The following breaches occurred with respect to general preliminary aspects:
Articles 54 and 56 (1) – The right to legal aid lasts throughout the whole proceedings whenever the defendant is interrogated, from the beginning of the preliminary examination by the police interrogator to the trial, and at every stage.
Schapelle Corby did not have legal counsel at the preliminary interrogation at Denpasar airport.
Article 177 (1) – The right to the assistance of an interpreter free of charge if one cannot understand or speak the language used in court. The interpreter, to be appointed by the judge/chairman of the session, must promise under oath or pledge to truly interpret all that has to be interpreted.
Article 53 – Extends the right outlined in Article 177 (1) to the preliminary examination.
Schapelle Corby did not have an interpreter at the preliminary interrogation. She was interrogated by airline staff whose English-language proficiency has never been established and she did not understand Indonesian. For example, when Customs Officer Winata was interviewed by Liz Hayes on '60 Minutes' in November 2004, her questions to Winata were translated into Indonesian, and Winata’s responses, in Indonesian, were translated by an interpreter into English. Would this have been necessary if Winata had had good English speaking skills and good English listening skills?
Article 51 – The suspect or defendant has the right to be clearly informed in a language he understands about what has been presumed about him at the start of an examination or the charges brought against him: a formulation which already implies the right to the assistance of an interpreter. (See Article 53, above)
Articles 52 and 153 (2) - When the suspect is interrogated he must be in the condition to speak freely without pressure being brought to bear upon him by anyone and in any form.
Best calculations suggest that Schapelle Corby was interrogated for nine hours – after 12 hours of travel. The drive to Brisbane Airport began at 4.30am, so Schapelle Corby would have awakened around 3.30 am to prepare for the drive to the airport. How much sleep did she have that night? How long had she been awake by the time the preliminary interrogation started? She must have been suffering from travel fatigue, a recognized medical condition, and would have been in no condition to be interrogated, especially without the assistance of a lawyer and interpreter.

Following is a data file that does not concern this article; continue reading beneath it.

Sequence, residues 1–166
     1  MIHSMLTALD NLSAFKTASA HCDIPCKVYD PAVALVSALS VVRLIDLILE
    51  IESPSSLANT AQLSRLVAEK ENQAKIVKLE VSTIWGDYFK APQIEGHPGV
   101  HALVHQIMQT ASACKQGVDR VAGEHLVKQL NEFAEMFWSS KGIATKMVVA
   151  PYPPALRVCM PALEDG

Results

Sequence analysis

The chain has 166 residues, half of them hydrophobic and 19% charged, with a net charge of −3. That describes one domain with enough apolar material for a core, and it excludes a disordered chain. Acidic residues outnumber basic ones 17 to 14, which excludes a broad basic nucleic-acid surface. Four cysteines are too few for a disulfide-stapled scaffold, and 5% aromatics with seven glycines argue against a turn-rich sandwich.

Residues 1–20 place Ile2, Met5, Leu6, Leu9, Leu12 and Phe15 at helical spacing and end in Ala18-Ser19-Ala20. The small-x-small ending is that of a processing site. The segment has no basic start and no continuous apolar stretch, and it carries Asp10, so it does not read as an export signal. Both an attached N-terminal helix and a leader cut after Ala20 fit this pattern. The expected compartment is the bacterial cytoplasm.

Articles 69 and 70 (1) – If the suspect has been arrested or detained, the legal adviser in turn has the right to be present and to speak with his client whenever he is being questioned, from the moment of arrest or detention and at all stages of the proceedings.
Schapelle Corby’s access to a lawyer appears to have been hampered or denied for many hours. If “prima facie” evidence is all that the Indonesian justice system needs to convict a suspect, why did the airport authorities interrogate Schapelle Corby for so long before allowing her to contact a lawyer?
Article 66 - The suspect or defendant shall not be burdened with the duty of providing evidence.
The following events resulted in Schapelle Corby being forced to seek evidence of any kind, in a bid to prove her innocence:
· The outer plastic bag was handled by many people without protective gloves before the bag could be tested for fingerprints.
· The total weight of the baggage was not compared with the total weight checked in at Brisbane airport.
· Neither an audio nor a visual recording was presented to the court of the initial discovery of the drugs at the customs counter, nor of the initial interrogation which took place in the interview room later.
· The X-ray machine was not equipped to take photographs - so no image was available to show the location of the marijuana in the boogie-board bag before it got to customs.
Article 72 – The evidence collected by the investigators is accessible to the suspect and his counsel. On their request, the official concerned must provide them with a copy of the report of the preliminary examination.
Access to the marijuana, for example, for forensic testing, was refused throughout.
General breaches of the International Covenant on Civil and Political Rights (ICCPR):
Article 14 (3) (a) - To be informed promptly and in detail in a language which he understands of the nature and cause of the charge against him.
Self evident breach.
contaminate untested primary evidence by repeatedly handling it without gloves.